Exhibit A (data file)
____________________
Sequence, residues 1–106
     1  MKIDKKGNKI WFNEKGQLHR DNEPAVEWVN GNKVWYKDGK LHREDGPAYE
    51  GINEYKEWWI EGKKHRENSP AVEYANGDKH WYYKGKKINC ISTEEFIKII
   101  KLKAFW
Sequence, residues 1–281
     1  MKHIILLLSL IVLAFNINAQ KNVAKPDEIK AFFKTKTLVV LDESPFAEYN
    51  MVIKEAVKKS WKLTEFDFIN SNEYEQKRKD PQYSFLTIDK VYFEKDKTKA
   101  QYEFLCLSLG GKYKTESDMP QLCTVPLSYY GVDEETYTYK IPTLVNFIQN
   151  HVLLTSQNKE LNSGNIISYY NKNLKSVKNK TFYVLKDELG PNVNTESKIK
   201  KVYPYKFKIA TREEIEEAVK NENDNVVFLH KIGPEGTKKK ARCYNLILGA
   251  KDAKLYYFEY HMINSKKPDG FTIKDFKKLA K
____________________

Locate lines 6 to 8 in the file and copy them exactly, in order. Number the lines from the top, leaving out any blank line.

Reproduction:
     1  MKHIILLLSL IVLAFNINAQ KNVAKPDEIK AFFKTKTLVV LDESPFAEYN
    51  MVIKEAVKKS WKLTEFDFIN SNEYEQKRKD PQYSFLTIDK VYFEKDKTKA
   101  QYEFLCLSLG GKYKTESDMP QLCTVPLSYY GVDEETYTYK IPTLVNFIQN